Foundation for a Successful Ottawa Franchise

Published on February 8, 2010 9:00 PM by dbo.

Update: For the actual expansion draft rules, see the FAQ What is the CFL expansion draft format?

After passing Ottawa council’s vote last November, the Lansdowne Partnership Plan (or Lansdowne Live! if you still prefer to call it that) faces (hopefully) only one more hurdle before becoming reality. Despite this uncertainty towards the final outcome, which I accept is no slam dunk, one must now start looking at how the Ottawa franchise can be given the best chance to survive and thrive for this is certainly the last chance for football in Ottawa.

Council has asked for the public’s trust in the site’s final design, which I am prepared to give. Not everyone believes the debate is over, while the CFL understands the decision, though great for football in Ottawa, is about something bigger. This year’s announcements on the design panel membership, appointments of architects and calls for an independent transportation review brings the process closer to completion despite continued grasping at straws by the opposition.

However, before the final vote in June and well before any team potentially takes the field in 2013, the CFL has an small window of opportunity to address not only a competitive Ottawa franchise, but competitiveness in any expansion franchise awarded in the term of the next Collective Bargaining Agreement.

Things Done Right

This time around, under the guidance of commissioner Mark Cohon, the CFL has approached expansion to Ottawa and elsewhere with reserved caution. This has helped place the conditional franchise on much better footing than past instances.

  • The ownership group awarded the conditional franchise are local, are willing to make a financial commitment greater than just the franchise fee and have experience in the Ottawa sports market.

    The last attempt with the Renegades did not have local owners or an ownership group with resources to be anything but Lansdowne tenants. No local connection with the city, mounting losses and infighting amongst owners when money was required to cover deficits led to the franchise’s demise.

    The Rough Riders franchise also met its demise when it was turned over to, first, someone without the financial resources (Bruce Firestone) and then an out-of-town owner (Horn Chen).

  • Partially the result of stadium lease negotiations, the return to Ottawa has been slow. The league and its partners have not rushed to field a team as quickly as possible. The first sign of restraint was in suspending the Renegade franchise and not operating the team in 2006 while trying to find an owner. More restraint was needed when parties made their interest in purchasing the club known. The CFL was patient and found a local, committed group that they feel has the best chance for success in Ottawa, even though that will ultimately delay the return to Ottawa by eight years if they are successful.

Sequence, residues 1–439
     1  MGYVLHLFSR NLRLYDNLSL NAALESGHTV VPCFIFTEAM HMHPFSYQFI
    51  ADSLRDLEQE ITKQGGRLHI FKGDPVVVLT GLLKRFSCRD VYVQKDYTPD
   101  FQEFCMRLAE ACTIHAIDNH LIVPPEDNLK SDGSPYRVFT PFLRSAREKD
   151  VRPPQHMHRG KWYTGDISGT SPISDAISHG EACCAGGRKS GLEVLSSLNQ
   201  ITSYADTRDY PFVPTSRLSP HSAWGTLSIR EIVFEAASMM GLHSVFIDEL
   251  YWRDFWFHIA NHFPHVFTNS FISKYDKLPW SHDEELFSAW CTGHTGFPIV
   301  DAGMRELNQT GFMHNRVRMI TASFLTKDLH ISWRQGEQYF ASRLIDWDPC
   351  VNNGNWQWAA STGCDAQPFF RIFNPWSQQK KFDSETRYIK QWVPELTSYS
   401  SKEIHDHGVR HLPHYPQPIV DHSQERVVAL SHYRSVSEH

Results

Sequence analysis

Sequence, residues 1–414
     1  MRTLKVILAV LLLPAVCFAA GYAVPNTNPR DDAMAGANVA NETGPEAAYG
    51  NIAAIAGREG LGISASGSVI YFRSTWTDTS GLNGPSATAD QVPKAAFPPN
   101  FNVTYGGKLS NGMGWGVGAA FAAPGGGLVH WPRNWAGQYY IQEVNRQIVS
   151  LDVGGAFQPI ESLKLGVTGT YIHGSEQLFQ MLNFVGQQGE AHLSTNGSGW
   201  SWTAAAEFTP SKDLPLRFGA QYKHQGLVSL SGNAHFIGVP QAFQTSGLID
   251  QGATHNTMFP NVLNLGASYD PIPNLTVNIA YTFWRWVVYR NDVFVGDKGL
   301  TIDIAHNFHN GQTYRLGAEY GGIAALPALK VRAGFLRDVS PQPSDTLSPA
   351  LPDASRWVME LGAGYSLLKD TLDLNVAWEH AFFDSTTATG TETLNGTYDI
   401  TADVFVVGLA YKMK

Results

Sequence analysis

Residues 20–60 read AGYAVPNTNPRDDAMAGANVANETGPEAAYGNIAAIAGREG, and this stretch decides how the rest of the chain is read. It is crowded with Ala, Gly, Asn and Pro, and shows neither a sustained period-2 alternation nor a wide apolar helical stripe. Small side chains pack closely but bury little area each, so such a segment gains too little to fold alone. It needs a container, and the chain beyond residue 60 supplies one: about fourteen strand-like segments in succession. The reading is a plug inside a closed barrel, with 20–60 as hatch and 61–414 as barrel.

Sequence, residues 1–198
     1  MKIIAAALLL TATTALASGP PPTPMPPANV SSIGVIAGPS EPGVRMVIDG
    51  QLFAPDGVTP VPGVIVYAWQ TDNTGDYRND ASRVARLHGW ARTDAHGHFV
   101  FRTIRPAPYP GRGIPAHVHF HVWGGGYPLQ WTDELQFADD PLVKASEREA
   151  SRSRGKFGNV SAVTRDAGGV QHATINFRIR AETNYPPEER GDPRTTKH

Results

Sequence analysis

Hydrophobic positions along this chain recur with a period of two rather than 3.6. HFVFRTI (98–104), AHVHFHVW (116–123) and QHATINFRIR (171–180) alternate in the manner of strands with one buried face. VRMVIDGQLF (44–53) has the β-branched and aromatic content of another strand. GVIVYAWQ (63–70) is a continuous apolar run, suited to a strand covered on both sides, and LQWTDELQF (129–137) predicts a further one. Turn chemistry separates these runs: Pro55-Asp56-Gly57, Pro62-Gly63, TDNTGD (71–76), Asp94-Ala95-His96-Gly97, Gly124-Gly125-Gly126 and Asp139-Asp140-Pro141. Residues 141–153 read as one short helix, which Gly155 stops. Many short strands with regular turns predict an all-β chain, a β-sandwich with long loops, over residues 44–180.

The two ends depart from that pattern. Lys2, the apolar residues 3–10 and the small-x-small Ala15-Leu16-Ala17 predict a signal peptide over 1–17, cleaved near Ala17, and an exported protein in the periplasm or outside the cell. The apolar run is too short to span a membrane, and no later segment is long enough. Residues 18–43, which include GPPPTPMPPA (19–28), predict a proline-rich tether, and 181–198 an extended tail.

The CFL acted quickly in the past to find new owners for the Rough Riders due to time and monetary pressures when there were not a lot of options out there. When an interested group came forward to start the Renegades, the franchise was awarded in October 2001 and took the field the next year. In the end, the same formula always returned the same result. This time the formula has been optimized for success.

  • The incoming ownership group has solid numbers to base their business plan on, with an audited salary cap and presumably league disbursements known to them.

    The Renegade owners were mislead over the salary cap the CFL was adhering to by as much as $1.5 million. This immediately puts a great strain on a team’s budget, who are faced with increased player salary expenditures to remain competitive in the league, but a revenue budget that could not immediately make up this shortfall. Without a team challenging for the playoffs in year two and beyond, it will be hard to build fan support in Ottawa which has suffered under-performing teams for 35 years.

  • The new owners have based the business plan of the return of football to Ottawa on a revitalized Lansdowne Park, not just because of the structural issues found with the stadium, but because a new, cozy, fresh stadium is something that will provide people an incentive to come to the games and a positive experience will make them want to come back again. In addition, the reduced seating to about 25,000 will shrink the ticket supply, and a ticket scarcity will increase the need for getting tickets early.

    Both previous instances of the CFL in Ottawa were stuck with the existing Lansdowne Park and stadium. There was no opportunity to manage or control the stadium (private boxes, concessions), reconfigure the stadium, or improve the fan experience even if they had the money to do so. City council may have kept the team alive by wiping out debts in the late 1980’s but at the same time the club was hindered by the bureaucratic management of this industrial stadium and exorbitant rents. The same crumbling stadium was provided to the returning Renegades that, upon their demise, had part of its stands condemned and demolished.